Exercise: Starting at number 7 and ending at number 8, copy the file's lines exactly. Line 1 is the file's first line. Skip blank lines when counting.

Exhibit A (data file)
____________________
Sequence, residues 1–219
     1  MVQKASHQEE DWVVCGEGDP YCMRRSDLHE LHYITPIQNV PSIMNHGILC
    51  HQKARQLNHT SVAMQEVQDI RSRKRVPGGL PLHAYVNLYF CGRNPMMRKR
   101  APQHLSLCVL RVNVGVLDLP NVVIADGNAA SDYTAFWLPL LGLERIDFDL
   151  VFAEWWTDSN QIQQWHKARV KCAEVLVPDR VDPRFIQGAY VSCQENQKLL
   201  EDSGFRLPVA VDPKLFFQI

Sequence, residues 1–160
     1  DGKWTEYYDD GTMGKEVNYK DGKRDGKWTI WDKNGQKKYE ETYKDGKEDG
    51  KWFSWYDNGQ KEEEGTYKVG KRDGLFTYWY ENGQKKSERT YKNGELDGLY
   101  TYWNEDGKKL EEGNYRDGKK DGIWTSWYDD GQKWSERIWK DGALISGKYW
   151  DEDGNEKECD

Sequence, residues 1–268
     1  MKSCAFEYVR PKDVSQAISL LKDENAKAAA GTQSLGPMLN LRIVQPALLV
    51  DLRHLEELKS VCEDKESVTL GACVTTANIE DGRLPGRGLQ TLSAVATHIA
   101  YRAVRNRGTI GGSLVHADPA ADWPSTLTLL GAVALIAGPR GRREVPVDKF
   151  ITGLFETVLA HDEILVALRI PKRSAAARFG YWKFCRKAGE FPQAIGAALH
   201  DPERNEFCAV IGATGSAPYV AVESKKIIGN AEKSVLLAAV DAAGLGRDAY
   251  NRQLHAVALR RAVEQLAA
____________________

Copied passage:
Sequence, residues 1–160
     1  DGKWTEYYDD GTMGKEVNYK DGKRDGKWTI WDKNGQKKYE ETYKDGKEDG